I used to assign Musicking in my introductory music course, but I gave it up because my students regularly complained that it moved too slowly. I think that is actually one of its virtues: Small’s writing is wonderfully lucid, and filled with so many fascinating observations. Most of the book consists of a “thick description”—about as thick as possible—of an orchestral concert. He starts with a long consideration of an audience member's approach to the concert hall, eventually making his way through the lobby into the auditorium. He fills five chapters before the conductor is even in a position to give a downbeat, and even thereafter he writes not so much about the music being played as about the relationships established between the notes and the people involved (composer, performers, listeners), in search of “what is really going on here.” In a chapter of that name he makes a compelling comparison:
“I intend no insult to either the ceremony of the symphony concert or to the works that are played there when I characterize them, at least in part, as bedtime stories told to adults. The two ceremonies have features in common. The first is that what is going on in both is the telling of a story and that the story partakes of the nature of the great meta-narrative. The second is that the stories have become so familiar through repetition that they have lost whatever power they might once have had to disturb. The third is that in both there is an insistence on perfect repetition of a series of actions that are prompted by a text, which in one case is the reading of words that comprise a story and in the other is the performance of sequences of musical sounds that comprise musical works.” (187)I cannot do Small justice here; if you find this anywhere near as intriguing as I do, do yourself the favor of reading him cover to cover. I want to extrapolate from the issue he raises about accumulation of a concert repertoire to consider how the bedtime story analogy illuminates further textual situations of music. I have spent a lot of hours in the last ten years reading bedtime stories—and maybe that's why I have a new appreciation for Small’s comparison, a detail I had completely forgotten from my previous uses of this book.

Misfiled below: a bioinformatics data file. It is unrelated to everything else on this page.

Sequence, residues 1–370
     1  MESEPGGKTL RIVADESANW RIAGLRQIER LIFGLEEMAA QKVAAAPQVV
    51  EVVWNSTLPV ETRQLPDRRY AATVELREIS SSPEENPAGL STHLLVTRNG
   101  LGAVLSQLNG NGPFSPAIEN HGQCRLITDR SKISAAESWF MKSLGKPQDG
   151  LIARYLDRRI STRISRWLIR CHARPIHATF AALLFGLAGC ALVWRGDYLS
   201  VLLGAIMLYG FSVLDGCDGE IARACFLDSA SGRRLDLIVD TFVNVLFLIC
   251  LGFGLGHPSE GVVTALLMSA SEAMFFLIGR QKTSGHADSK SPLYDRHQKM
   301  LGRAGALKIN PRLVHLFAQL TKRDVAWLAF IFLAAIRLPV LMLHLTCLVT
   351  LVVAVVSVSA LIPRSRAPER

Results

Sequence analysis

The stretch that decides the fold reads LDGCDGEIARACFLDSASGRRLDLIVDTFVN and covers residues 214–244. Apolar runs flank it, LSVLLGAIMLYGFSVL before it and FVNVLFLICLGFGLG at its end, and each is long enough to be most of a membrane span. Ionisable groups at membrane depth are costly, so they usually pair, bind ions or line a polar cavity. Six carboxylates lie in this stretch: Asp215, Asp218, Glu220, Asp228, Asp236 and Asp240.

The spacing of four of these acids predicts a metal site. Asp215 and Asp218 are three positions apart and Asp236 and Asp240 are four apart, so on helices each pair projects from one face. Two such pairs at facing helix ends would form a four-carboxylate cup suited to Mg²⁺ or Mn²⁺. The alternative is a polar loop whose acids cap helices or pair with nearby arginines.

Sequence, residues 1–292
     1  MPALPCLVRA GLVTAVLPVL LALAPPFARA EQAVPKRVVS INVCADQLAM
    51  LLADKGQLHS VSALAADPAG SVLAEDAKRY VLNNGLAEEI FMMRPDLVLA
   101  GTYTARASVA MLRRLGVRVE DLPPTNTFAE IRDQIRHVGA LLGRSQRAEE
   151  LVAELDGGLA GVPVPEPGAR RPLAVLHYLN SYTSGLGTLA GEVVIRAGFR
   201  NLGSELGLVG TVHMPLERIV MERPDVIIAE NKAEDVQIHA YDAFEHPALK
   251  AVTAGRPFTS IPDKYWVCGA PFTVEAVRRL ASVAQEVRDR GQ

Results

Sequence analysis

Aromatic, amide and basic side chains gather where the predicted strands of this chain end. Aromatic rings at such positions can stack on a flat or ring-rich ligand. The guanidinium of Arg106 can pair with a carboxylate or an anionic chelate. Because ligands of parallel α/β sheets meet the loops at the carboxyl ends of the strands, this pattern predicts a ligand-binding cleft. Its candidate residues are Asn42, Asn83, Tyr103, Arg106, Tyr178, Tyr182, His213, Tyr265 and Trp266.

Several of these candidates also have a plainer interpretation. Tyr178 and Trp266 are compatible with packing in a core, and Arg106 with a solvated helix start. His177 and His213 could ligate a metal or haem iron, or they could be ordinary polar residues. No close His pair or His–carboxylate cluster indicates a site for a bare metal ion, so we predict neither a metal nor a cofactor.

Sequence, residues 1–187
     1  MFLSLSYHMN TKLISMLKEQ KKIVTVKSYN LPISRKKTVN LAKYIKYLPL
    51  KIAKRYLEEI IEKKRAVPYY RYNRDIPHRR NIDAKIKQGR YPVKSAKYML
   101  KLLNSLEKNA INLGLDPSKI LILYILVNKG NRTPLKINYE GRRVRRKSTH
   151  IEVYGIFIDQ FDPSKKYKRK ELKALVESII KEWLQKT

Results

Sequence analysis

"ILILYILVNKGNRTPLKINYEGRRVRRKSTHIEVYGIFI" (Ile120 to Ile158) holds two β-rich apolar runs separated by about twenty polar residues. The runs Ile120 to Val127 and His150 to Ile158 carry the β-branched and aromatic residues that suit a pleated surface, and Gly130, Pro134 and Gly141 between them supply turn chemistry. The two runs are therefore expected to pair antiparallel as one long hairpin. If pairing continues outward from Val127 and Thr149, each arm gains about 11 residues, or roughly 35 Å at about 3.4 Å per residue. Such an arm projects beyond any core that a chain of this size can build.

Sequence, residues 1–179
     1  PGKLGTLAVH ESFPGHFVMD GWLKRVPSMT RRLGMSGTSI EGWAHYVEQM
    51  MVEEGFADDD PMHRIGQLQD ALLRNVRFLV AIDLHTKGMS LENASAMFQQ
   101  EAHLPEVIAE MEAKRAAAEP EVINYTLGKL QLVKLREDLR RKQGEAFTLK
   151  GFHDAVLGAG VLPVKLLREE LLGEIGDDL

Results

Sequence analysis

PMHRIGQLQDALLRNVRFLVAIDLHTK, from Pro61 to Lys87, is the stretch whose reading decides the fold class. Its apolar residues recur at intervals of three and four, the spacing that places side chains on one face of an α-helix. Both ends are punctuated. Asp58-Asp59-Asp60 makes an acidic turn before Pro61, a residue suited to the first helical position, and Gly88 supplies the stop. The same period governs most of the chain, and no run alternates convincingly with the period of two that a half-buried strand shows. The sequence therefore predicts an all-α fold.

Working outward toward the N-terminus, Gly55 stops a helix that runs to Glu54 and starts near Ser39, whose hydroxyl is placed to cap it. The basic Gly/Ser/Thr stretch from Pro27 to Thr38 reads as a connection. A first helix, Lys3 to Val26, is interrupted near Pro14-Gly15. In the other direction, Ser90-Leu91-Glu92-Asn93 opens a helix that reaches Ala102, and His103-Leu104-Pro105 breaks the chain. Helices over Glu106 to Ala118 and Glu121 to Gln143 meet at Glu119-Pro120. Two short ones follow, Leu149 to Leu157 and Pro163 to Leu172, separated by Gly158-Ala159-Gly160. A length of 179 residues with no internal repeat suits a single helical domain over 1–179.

I suspect that my family's experience is a common one: a repertoire of bedtime stories develops over time, and while there are differences between the preferences of different children, there are some stories that become canonic family favorites. This may not be related to any intrinsic quality of those stories: it may be just that the reader (me) enjoys reading them, and thus the child is used to hearing them before they have a say about what will be read. Some books are tried once and then go back on the shelf or back to the library. Others linger around on the floor beside the bed because we know we will be returning to them time and time again. There are hints of a seasonal calendar to the repertoire—stories that relate to Thanksgiving or Christmas or summertime or the beginning of school—but most of the stories could be read at any time. (The parallels with the development of a concert repertory are very interesting, but that is Small’s topic more than mine. Again, I encourage readers to go directly to him; what matters here is that the texts become canonic by repetition.)
Different Texts, Same Story
As a core repertoire of bedtime stories develops in a family, both the reader and the listener inevitably become more attuned to textual details. Sometimes I have to improvise my way through an already-familiar story because the book is not at hand. In such cases, if the story is very familiar to the child, I will get critiques about the bits I omitted or over-embellished. This is even more piquant when I read an already-familiar story in a new-to-us account (one of those “as told by” books); the child recognizes that the printed texts themselves differ—that “the story” and “the text” are not one and the same thing. I have lost count of how many Star Wars books we have checked out of the library that would fit this situation, but of course it is also common with fairy tales and fables generally. Perhaps the characters have names where they did not before (Cinderella’s stepsisters, for example), or new characters and scenes are introduced; certainly different texts emphasize different aspects of the story.